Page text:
Whoever forgets their first trip on a plane? I remember mine. It was 1987, and while all my high school friends took our class' senior trip to Mazatlan, I flew across the country to the Big Apple. That was a long time ago. Still, I remember so many details of that flight. Like thinking that the twenty-something law student who sat next to me was "old." Or how annoyed I was to have to crane my neck to watch Some Kind of Wonderful on the cabin's movie screen.
A Fear of Flying
Over the years my
discomfort fear of flying has waxed and waned. There was a point after I moved to Boston where for a period of three years I traveled all over the U.S. and other parts of the world. Flying became so routine and mundane, like washing dishes or folding laundry, that I eventually looked forward to those few hours of uninterrupted quiet in the sky. I could read, sleep, watch a movie or just stare out at the clouds.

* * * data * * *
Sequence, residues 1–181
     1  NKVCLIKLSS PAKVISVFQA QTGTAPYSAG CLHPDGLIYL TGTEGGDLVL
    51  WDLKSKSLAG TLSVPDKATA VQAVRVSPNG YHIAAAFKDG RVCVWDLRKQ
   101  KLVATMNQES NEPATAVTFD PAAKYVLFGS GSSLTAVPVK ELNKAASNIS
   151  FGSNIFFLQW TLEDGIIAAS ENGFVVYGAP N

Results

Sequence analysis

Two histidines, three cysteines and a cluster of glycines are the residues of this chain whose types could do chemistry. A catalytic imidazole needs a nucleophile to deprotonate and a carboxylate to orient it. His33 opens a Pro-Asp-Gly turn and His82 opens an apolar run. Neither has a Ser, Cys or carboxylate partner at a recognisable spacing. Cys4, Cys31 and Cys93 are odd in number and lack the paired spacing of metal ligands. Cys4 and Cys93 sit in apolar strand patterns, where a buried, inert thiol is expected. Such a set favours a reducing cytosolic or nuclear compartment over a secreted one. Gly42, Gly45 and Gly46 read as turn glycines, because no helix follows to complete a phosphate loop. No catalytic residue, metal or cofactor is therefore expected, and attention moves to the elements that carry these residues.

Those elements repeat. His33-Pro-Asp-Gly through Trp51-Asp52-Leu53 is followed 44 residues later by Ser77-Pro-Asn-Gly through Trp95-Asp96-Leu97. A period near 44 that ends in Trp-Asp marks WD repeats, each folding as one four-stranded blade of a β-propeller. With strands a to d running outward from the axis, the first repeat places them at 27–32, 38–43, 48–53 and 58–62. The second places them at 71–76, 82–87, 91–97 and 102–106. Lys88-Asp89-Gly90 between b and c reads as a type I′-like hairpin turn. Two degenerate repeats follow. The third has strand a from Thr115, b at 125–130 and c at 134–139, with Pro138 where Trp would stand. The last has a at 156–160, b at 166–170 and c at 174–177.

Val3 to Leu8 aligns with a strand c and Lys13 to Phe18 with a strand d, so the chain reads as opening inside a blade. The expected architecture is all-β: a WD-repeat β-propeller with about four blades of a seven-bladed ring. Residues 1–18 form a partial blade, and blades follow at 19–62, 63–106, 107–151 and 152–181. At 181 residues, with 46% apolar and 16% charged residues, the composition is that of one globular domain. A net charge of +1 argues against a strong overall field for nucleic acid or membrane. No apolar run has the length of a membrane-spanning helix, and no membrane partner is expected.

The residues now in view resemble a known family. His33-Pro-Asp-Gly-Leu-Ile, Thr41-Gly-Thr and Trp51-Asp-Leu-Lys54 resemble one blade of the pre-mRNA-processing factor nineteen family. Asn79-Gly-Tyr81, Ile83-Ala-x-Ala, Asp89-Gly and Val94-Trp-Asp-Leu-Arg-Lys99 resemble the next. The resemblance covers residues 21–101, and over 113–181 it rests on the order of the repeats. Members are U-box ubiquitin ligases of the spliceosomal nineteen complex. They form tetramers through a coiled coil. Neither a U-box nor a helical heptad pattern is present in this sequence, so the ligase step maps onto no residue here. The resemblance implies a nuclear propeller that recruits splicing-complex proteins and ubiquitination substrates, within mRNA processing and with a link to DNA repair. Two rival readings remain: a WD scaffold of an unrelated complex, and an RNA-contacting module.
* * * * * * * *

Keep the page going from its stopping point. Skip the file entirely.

Know The World
A lot has happened since that has changed how I view humanity. For starters, I'm more outwardly focused; I try to stay abreast of current events (social media helps a lot). And while I'm more informed, it's a constant battle to not become hyper vigilant. Living as though danger lurks around every corner is, well, no way to live. Yet, that's exactly how many in this country and abroad have to live, in order to survive.
Children Watching The News
As parents, our challenge lies in gauging how much of the morning news to allow our children to watch. What I can tell you is that we monitor our son's TV time. He watches. He asks questions. My husband and I answer as best we can. It's tough sometimes, knowing how much is enough. We want him to examine issues from all angles. We want him to be age-appropriately informed to walk in reality, but not be traumatized. We want him to know that there's more good than evil in this world.
The problem lies in knowing that with knowledge comes its companion -- loss of innocence.